not adversely affect the license rights of competitions already licensed.
b. In any instance where road mileage between the competition facility locations is greater than one and one half (1 1/2) times the radial mileage between the competition facility locations, the required mile distances between competitions shall be based upon the road mileage
rather than radial mileage.
c. Mileage between competitions with different mileage requirements will be subjected to the lower of the mileage distances..

I've bolded the part about radial and road mileage

Lord Helpus
Nov. 21, 2011, 02:15 PM
OK, now we have heard a number of reasons why eliminating the mileage rule will not help what ails us.

How about turning the question upside down and asking:

What/who does the mileage rule help? And why do these peole/entities need a rule to help them when/if the free enterprise system will take care of competition anyway?

Why even have a mileage rule? I am not so sure I understand these "unintended consequences" that a free market would bring.

If a new show is not viable up against an established show, then it will fail. Pure and simple.

But I totally agree with the Attorney from page one who has spent years learning about monoplies: It is not the existence of competition that improves a show, it is the fear of competition that causes management to look seriously at their show and improve it so it is the best it can be.

I am open to understanding why the mileage rule is a necessary part of the rule book.

(Re: show approval forms to rate shows -- I disagree that is a valid measurement of how a show is doing because it only counts the people who are already at the show. It leaves out all the people who could not/did not attend for whatever reason -- the show was too far away, too expensive, the footing was not good enough, class schedule was not what they wanted/needed, etc. THOSE are the people who need to be counted, not the people who actually attend the show.)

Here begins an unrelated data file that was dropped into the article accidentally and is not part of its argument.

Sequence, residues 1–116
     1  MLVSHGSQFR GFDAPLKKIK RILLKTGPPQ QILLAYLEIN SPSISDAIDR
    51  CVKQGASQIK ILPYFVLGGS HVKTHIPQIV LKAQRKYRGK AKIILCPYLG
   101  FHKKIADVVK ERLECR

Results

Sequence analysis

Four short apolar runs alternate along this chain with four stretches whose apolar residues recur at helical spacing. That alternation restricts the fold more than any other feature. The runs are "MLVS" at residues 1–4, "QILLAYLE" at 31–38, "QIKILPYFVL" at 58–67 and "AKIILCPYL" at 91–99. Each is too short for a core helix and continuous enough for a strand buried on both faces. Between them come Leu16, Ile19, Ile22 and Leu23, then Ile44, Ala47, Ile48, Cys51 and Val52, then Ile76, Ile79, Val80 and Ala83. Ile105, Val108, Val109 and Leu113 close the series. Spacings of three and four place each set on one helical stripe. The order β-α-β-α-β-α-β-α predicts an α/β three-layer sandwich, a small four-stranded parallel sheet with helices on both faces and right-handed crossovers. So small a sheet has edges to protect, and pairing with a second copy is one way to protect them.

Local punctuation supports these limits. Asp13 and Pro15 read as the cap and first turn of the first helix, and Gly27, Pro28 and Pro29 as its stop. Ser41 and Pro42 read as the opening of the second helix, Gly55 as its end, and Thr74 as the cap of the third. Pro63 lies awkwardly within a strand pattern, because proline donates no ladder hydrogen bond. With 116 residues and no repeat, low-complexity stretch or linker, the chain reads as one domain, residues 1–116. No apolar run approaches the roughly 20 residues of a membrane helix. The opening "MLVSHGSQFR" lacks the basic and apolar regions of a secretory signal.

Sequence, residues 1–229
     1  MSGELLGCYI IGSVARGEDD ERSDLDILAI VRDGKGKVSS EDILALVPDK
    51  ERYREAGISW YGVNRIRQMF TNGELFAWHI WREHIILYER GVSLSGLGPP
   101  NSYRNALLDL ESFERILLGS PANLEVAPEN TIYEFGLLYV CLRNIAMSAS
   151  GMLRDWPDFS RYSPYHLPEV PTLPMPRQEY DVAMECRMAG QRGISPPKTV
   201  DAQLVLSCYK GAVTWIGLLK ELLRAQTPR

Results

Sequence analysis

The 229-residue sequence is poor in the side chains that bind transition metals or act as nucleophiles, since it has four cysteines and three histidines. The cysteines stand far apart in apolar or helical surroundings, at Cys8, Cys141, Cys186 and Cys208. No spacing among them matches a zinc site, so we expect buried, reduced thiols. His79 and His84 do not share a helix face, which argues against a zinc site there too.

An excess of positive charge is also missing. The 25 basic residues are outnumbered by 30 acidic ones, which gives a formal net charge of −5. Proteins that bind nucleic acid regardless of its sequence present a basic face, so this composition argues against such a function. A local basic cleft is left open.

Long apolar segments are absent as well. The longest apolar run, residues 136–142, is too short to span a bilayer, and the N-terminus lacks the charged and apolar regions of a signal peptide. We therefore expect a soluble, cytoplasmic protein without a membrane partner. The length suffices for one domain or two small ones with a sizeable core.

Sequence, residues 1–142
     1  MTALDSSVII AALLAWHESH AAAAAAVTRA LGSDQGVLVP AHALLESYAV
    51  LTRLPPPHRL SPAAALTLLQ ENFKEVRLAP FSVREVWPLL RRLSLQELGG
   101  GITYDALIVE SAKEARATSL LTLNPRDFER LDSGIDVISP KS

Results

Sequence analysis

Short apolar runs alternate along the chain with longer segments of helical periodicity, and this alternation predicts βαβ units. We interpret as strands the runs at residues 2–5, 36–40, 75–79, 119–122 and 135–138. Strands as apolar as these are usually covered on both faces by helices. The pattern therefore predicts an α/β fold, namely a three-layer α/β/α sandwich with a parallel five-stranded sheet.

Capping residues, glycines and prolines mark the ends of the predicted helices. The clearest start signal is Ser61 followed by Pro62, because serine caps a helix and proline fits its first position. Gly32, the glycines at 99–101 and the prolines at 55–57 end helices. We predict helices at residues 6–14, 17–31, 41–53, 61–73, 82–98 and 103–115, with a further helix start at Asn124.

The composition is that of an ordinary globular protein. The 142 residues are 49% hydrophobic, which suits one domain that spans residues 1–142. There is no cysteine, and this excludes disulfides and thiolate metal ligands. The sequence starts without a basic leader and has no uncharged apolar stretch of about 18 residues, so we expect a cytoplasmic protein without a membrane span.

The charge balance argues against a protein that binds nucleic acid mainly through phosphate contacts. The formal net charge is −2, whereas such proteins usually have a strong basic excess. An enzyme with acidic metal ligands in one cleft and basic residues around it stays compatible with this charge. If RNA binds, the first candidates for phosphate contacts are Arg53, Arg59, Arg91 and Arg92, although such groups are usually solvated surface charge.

2bayboys
Nov. 21, 2011, 02:31 PM
Chunky brought up VHSA Associate shows and it's true that there are always multiple shows going on every weekend. I've personally never had a problem with my divisions filling, and the multiple choice option allows me to choose which show might have the best schedule for me, or better footing, or nicer prizes, or the best catering truck. Choice is good, the mileage rule kills the customer's ability to affect positive change through competition.

chunky munky
Nov. 21, 2011, 02:55 PM
I strongly disagree that shows disappear because they are bad shows. In today's market it is almost impossible to run a small AA show against a larger one. Both must offer the same prize $ ( 25K for AA hunters, at least 10K for a derby). In this day and age you need to offer a Derby to attract pro entries now that prize $ is the deciding factor for qualifying and winning year end awards.

So the show that can accomodate 1500 horses and runs eight+ arenas will bring in more revenue to suppost those expenses. The lovely small two ring show that we all grew up with cannot exist as a AA show without extreme sponsorship funding. Incase nobody has noticed, sponsor $ is hard to come by in this economy. And worse still is the small show is competing for those dollars with the big horse show groups that give one sponsor fee that gets the sponsor seven shows, where their exposure is a much easier sell than at the country horse show. Those large groups also have a fulltime staff paid to rustle up sponsors. It is a sad fact. that it makes it very tough on the little guy.
The only small shows that are able to survive as AA's these days are the ones that have run for 25+ years and have strong traditional private funding,( or an "angel") and large groups of volunteer labor. Basically these shows do not run as a profitable venture.
Many people invest a lot of $ in the facilities they use. As you have seen many shows are putting in the great European footing that people love, more schooling areas, upgrading in general. One needs somewhat a sense of security to invest that way. To know that you could easily have another show pop up 10 miles away is somewhat disconcerting.
I truly think that you would not see many smaller A/AA shows pop up on the scene even without a mileage rule. There are not enough people seeking them to make people go through the time and expense of running them. But I assure you that the big guys would just add more dates to theirt already large roster. The mileage rule at this point is more of a protection of the little guy than any one else.
I still say find a way to make the B and C shows attractive to exhibitors because outside of Zones 1 and 2 they are not.

I

vxf111